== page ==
<h2>Longing for the past can improve your health in a number of surprising ways</h2> <p style="font-size: medium; font-weight: 400;">“Nostalgia has been shown to counteract loneliness, boredom and anxiety,” John Tierney wrote in a recent New York Times article. “It makes people more generous to strangers and tolerant of outsiders. Couples feel closer and look happier when they’re sharing nostalgic memories.” It may even make you literally warmer: feelings of nostalgia are more common on cold days, and people in cool rooms are more likely to reminisce than those in warmer ones, research shows. Why? It might be evolutionary: “If you can recruit a memory to maintain physiological comfort, it could contribute to survival by making you look for food and shelter that much longer,” researcher, Dr Tim Wildschut, told the Times. Here’s how to leverage your happy thoughts and warm memories to make yourself healthier.</p> <h2>Carve out time for reminiscing</h2> <p style="font-size: medium; font-weight: 400;">Some 79 per cent of people naturally experience nostalgia at least once a week, research indicates, but you don’t have to wait for a chance memory to pop into your mind. Loyola University researchers discovered that thinking of good memories for just 20 minutes a day can make people more cheerful than they felt the week before, reported Psychology Today.  </p> <h2>Don’t write down your memories</h2> <p style="font-size: medium; font-weight: 400;">To reap the full benefits of nostalgia, it seems better to replay happy thoughts in your mind rather than in a journal. When researchers at the University of California at Riverside asked people to either think about or write down a blissful life experience, those who simply thought about it experienced a greater boost in wellbeing, according to Psychology Today. “There’s a magic and mystery in positive events,” study author and psychologist, Dr Sonja Lyubomirsky, told the magazine. Analysing the details – by writing them down – may remove some of that wonder.</p> <h2>Focus on sound and smell to get there faster</h2> <p style="font-size: medium; font-weight: 400;">Listening to music is a quick, easy way to induce nostalgia; researchers often use it in their studies, according to the Times. Think about the songs on the radio when you were growing up, for example. Scents, too, are powerful tools to unlock memories. Smells get to our brain faster than sights or sounds – particularly, to our emotional centres – according to neurologist, Dr Alan Hirsch.</p> <h2>Try not to compare the past to the present</h2> <p style="font-size: medium; font-weight: 400;">Of course, not all old memories are positive ones; and looking back to happier times may make you feel anxious about where you are today. Recalling your academic successes in high school and university, for example, may make you feel like a has-been in your current job. It’s challenging, but experts recommend trying to focus on the memories alone, without comparing them to other events.</p> <h2>Think back with others</h2> <p style="font-size: medium; font-weight: 400;">Reminiscing with friends and family strengthens close relationships, says Psychology Today. Look at old photos and videos during holiday get-togethers; reconnect with former school friends on social networks and revisit your shared memories.</p> <h2>Make experiences memorable</h2> <p style="font-size: medium; font-weight: 400;">Nostalgia researcher, Dr Constantine Sedikides, calls this strategy “anticipatory nostalgia” – living your life cultivating experiences you’ll want to savour down the road. This ties into research that spending money on experiences, rather than things, tends to make people happier. So splurging on the hot-air balloon ride will go farther than the take-home souvenir.</p> <p style="font-size: medium; font-weight: 400;"><em><strong>This article originally appeared on <a href="https://www.readersdigest.com.au/culture/how-nostalgic-happy-thoughts-make-you-healthier" target="_blank" rel="noopener">Reader’s Digest</a>.</strong></em></p> <p style="font-size: medium; font-weight: 400;"><em>Image: Shutterstock</em></p>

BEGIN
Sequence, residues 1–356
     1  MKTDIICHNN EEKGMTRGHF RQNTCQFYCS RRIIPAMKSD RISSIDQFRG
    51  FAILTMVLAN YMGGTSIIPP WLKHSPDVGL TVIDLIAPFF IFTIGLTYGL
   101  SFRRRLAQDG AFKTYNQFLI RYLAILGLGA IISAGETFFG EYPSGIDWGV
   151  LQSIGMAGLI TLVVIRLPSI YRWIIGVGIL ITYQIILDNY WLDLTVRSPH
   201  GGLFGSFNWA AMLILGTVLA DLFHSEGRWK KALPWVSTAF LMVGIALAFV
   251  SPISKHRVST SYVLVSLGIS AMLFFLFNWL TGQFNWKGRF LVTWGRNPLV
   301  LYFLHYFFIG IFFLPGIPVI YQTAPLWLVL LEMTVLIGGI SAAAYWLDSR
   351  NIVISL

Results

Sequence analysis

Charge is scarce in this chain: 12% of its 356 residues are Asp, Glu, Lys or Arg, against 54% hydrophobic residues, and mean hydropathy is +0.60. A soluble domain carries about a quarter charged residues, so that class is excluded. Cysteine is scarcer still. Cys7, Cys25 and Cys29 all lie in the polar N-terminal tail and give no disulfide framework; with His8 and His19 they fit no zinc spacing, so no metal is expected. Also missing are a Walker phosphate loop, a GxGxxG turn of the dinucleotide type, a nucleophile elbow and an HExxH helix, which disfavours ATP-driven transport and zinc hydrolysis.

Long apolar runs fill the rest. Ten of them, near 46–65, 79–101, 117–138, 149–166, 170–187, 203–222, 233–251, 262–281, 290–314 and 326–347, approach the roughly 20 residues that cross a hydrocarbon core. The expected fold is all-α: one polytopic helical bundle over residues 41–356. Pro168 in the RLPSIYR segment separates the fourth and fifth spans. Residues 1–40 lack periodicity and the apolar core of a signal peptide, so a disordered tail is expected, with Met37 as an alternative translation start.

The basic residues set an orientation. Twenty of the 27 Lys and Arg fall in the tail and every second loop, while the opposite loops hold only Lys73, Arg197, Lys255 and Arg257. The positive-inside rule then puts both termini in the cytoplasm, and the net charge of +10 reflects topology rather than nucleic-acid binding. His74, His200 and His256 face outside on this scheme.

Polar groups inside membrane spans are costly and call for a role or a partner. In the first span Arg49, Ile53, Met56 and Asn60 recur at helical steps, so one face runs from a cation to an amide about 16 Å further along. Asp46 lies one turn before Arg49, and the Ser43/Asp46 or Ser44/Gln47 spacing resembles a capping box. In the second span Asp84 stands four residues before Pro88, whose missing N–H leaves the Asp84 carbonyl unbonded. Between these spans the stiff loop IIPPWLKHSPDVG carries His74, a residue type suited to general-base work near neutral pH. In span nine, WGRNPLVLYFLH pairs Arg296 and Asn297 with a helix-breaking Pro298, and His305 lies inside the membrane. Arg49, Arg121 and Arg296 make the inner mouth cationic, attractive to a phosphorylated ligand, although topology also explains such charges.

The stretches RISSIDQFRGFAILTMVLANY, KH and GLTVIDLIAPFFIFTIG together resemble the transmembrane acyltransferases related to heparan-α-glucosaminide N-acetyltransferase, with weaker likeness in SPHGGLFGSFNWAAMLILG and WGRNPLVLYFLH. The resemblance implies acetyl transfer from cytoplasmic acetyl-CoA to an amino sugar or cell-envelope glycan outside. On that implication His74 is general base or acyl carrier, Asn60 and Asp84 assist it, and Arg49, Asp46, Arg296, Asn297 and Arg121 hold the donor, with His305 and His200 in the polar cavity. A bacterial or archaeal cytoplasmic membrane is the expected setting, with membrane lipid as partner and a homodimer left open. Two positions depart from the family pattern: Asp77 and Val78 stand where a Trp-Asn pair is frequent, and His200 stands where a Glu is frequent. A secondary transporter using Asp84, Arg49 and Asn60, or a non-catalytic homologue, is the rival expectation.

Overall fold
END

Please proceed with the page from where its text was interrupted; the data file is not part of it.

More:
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Writer's hilarious yet emotional obituary for her mother brings the internet to tears